'Breaking Bad' actor RJ Mitte visits McGuire veterans hospital
Richmond Times-Dispatch - 3/20/2017
Growing up with cerebral palsy, RJ Mitte spent a lot of time in the hospital as a kid.
So when the "Breaking Bad" actor passed through Richmond this weekend, he said it felt natural for him to schedule a visit with patients at Hunter Holmes McGuire Veterans Administration Medical Center.
"It gets lonely and people want to talk, people want to share," Mitte said. "Even though they see their same people every day - they see their friends, but it's not like a new face.
"And in the world, we have new faces. We meet new people, and this is a way for people to kind of say hello to a new face and share a story and talk."
And talk he did. He spent the better part of Sunday afternoon visiting with patients, prompting one nurse to remark how unusual it is for an actor or dignitary to come by the hospital without rushing through on a tight schedule.
Mitte played Walter White Jr. on the critically acclaimed "Breaking Bad," which ran five seasons on AMC from 2009 through 2013 and was created and produced by Chesterfield County native Vince Gilligan.
That Richmond-area connection didn't figure into Mitte's visit. Instead, he said he was on his way to Washington, D.C., for charity and foundation work and decided to stop in Richmond to DJ a show at Kabana Rooftop downtown to raise money for Shriners Hospitals for Children.
Mitte got into DJing after the show ended, though he said Sunday that he doesn't consider himself a professional and largely pursued it as an alternative to the paid club appearances many celebrities do.
"I'm not a club guy," he said. "A lot of the actors, that's where they're always making their money and they're always doing this different club appearances and I don't like to go to a place where I don't have a purpose."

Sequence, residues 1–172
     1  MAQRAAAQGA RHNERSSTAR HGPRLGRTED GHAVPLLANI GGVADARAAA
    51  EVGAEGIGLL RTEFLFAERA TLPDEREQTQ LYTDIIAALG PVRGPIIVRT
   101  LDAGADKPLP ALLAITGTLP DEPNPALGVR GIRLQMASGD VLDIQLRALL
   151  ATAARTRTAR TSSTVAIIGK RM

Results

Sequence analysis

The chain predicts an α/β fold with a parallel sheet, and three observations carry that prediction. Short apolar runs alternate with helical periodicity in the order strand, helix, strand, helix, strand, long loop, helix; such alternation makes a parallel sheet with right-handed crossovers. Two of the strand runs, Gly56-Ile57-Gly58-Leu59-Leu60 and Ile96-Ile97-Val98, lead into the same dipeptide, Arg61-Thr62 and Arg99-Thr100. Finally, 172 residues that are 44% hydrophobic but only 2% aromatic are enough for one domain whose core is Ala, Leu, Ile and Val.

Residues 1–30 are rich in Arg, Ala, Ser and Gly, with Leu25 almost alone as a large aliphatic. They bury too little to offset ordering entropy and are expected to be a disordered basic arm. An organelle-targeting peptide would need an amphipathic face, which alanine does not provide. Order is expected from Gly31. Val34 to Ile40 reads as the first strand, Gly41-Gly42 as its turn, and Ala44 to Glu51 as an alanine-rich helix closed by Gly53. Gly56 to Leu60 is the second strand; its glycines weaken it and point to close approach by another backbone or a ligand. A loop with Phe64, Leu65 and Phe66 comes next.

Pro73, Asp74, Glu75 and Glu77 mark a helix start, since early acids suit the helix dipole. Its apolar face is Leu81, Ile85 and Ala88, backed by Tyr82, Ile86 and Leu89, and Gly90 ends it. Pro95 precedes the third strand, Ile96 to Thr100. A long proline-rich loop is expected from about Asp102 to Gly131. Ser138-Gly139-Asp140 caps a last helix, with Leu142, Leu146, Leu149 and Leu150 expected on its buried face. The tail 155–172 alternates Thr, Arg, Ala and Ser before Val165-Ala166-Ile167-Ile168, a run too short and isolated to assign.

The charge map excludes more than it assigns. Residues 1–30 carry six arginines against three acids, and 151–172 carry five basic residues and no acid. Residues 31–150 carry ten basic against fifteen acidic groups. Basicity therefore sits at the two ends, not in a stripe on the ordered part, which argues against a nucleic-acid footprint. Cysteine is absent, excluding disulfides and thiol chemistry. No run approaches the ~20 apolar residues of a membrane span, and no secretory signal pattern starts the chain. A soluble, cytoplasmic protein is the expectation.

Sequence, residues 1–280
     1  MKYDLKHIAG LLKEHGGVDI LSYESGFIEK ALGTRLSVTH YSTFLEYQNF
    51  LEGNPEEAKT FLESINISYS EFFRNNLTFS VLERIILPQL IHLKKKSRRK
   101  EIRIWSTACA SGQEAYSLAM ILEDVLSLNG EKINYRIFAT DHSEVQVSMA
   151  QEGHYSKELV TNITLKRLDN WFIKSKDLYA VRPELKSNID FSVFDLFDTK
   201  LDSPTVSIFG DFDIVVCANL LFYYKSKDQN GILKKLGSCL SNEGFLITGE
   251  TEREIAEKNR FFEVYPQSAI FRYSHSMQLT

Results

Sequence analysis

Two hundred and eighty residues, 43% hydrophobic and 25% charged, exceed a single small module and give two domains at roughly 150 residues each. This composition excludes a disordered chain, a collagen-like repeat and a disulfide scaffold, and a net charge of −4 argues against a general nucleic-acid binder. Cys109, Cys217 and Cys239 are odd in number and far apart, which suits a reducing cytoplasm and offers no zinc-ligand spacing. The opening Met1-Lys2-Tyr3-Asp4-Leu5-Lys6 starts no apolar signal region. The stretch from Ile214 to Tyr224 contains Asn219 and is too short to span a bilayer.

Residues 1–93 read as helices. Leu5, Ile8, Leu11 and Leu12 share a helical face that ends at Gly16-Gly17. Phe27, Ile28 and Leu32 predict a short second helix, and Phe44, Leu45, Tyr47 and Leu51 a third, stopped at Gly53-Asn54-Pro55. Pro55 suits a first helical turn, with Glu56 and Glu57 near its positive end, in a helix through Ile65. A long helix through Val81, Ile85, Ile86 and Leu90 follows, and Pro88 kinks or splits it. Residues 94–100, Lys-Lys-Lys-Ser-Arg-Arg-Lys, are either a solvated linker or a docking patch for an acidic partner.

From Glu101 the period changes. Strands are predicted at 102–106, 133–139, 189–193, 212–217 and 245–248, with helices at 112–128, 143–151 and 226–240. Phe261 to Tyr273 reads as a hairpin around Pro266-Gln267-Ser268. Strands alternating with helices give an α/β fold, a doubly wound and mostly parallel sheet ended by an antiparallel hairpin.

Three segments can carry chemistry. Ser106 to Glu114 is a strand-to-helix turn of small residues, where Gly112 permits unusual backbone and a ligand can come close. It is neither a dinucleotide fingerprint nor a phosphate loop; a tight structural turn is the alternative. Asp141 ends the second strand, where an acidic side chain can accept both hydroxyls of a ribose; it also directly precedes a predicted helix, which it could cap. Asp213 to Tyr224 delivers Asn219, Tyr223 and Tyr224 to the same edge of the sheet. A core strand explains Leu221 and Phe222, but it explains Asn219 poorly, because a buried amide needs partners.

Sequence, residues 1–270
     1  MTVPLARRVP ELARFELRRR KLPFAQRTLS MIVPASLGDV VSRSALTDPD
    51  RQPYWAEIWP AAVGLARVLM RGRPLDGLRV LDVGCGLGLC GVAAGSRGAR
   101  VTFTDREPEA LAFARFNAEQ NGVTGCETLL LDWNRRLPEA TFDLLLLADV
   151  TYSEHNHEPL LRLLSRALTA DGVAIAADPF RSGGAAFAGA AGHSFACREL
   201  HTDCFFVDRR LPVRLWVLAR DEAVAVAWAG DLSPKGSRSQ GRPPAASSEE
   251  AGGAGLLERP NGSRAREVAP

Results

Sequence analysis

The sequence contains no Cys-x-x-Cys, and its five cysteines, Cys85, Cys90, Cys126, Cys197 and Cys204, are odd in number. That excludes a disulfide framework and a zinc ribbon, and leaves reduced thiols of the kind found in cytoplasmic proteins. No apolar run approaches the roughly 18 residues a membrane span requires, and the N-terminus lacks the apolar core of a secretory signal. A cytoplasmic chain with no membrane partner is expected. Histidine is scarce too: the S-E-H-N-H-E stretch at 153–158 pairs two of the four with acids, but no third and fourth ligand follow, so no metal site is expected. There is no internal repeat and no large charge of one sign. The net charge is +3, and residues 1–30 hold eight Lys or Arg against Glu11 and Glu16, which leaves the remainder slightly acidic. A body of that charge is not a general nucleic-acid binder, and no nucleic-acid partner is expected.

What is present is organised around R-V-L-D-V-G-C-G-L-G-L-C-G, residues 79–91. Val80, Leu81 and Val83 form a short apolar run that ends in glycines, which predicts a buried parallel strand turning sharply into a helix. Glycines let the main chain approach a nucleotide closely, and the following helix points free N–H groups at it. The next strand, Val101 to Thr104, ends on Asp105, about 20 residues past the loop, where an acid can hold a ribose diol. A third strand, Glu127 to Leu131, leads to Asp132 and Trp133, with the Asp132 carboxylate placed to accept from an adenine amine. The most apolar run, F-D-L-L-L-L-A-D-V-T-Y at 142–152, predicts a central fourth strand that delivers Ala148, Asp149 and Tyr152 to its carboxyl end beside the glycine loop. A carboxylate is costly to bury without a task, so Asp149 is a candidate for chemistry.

At the veterans hospital, Mitte primarily was met by an older crowd that may not have been dedicated "Breaking Bad" fans, but clearly enjoyed the chance to talk to a friendly visitor.
Dipping in and out of hospital rooms, topics ranged from books to bills to vacations and medical problems.
Vashaun Perry, a National Guardsman from Yale, a small community in Sussex County, promised to check out the show as Mitte began making his way toward the door.
"It's kind of my claim to fame," Mitte said.
"I think I've seen some previews," Perry said.
Johnnie Genske, who serves in the Air Force, said he watched the first episode of the series in preparation for the visit.
"It hooked me," he said.
Mitte left him with three autographed pictures, happy to introduce the show to a new fan.
"For me, I'm here to connect with patients," he said. "I want to hear from them. I'm not here just to talk about myself."
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